All our yesterdays . . . .

 

 

 

 

 

A ship’s biography

During WW2 the US Navy created a classification of ship as ‘Attack Transport’, which consisted of a specially built ship that would carry troops in to battle, but as normal troop ships were usually converted merchant ships, and relied on either docking or tenders to deliver the troops ashore an ‘attack transport’ carried her own landing craft so could land troops anywhere.

There is a film called Away all boats , which was made in 1956 and based on a novel by Ken Dodson, who was an officer who served on an attack transport during World War 2. The film stars Jeff Chandler, I’ve seen the film recently and it’s not bad.
Keep your eye out for a young Clint Eastwood – he doesn’t have a speaking part.

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USS Riverside

On the 13th April 1944 an attack transport, commissioned as Hull 870, was launched and acquired by the US Navy in June 1944 and was named USS Riverside.

She was assigned to the Asiatic- Pacific theater of the war, and at the end of the war spent time in Asia as Occupation Services.

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During her wartime appearance . . .

In January 1947 she was reconverted for the merchant service and sold to Pacific Argentina Brazil lines (P&T) in December 1948, and renamed SS P&T Forester.

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SS P&T Forester

She was later sold to Moore McCormack Lines Inc. in March 1957, renamed SS Mormacwave

 

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SS Mormacwave

In 1966 she was sold to Grace Lines Inc. and renamed SS Santa Leonor. Under her new name during her maiden voyage she was sailing from Rio de Janeiro to San Francisco. Her previous port of call was Buenos Aires, and her next stop was Valparaiso, Chile.

During our recent cruise on the Azamara Pursuit in the Magellan Straits, we met the Santa Leonor –

 

 

 

 

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On the 31st March 1968 at 1.52 am the Santa Leonor ran aground on rocks off Isabel Island, approximately 20 miles into the Patagonian Channels, in an area called Paso Shoal.
The vessel slid back into the channel and floated a short distance, before finally came to rest on one of a small group of islands called the Adelaide Islands. Neither the vessel nor the cargo was salvaged. The crew and passengers were all saved.

If you would like to read more about this incident read the report  it makes interesting reading.

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The end of this ship’s biography.

 

 

A celebration of cold . . .

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Fjords, drama & cold

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This blog will be mainly pictures, with a limited amount of description.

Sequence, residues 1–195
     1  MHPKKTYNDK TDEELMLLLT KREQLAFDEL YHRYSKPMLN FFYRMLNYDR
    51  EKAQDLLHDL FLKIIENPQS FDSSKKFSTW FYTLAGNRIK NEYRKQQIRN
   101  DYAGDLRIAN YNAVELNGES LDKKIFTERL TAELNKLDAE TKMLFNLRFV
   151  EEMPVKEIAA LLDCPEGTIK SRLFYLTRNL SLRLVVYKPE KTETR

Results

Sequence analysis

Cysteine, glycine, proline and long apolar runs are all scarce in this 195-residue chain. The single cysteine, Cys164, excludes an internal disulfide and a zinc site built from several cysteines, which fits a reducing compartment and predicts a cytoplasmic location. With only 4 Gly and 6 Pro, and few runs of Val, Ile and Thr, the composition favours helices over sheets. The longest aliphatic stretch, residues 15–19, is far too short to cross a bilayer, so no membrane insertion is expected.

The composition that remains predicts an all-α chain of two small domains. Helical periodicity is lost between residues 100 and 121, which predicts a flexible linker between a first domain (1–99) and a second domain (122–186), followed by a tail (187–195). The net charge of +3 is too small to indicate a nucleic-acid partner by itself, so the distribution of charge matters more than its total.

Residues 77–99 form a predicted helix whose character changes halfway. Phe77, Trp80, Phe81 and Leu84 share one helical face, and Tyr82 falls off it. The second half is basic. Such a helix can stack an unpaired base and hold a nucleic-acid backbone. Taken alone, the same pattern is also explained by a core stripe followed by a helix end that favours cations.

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After leaving Puerto Chacabuco it was Chilean fjords all the way.

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I’ve tried to capture the grandeur of the scenery.

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The mist added, rather than distracted from the scenery.

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Flat calm and loneliness . . .

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While cruising through the fjord we came across a small ‘growler’. Note how much is under the water.

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Clouds or UFOs ?

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Temperature dropping and you only went outside if you had to  . . for picture taking etc.

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Is it any wonder that this area is still wild and undeveloped, except for a small amount of tourism.

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Our first glacier and we were quite a long way from it . . .

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Under the snow and ice is water, which lubricates the movement as if flows in to the fjord.

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Floating ice has become much more common.

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We moved closer to the glacier . .

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Ice is getting more prevalent . .

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A picture in blue.

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When we lived in the UK, in winter we had black ice, now we have blue ice.

DSC04587rThe ship seems to be attracting the ice.

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I leaned over our balcony to take this shot of ice clinging to the ship.

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Ship’s boat has been sent ice harvesting – we must have run out of the cold stuff.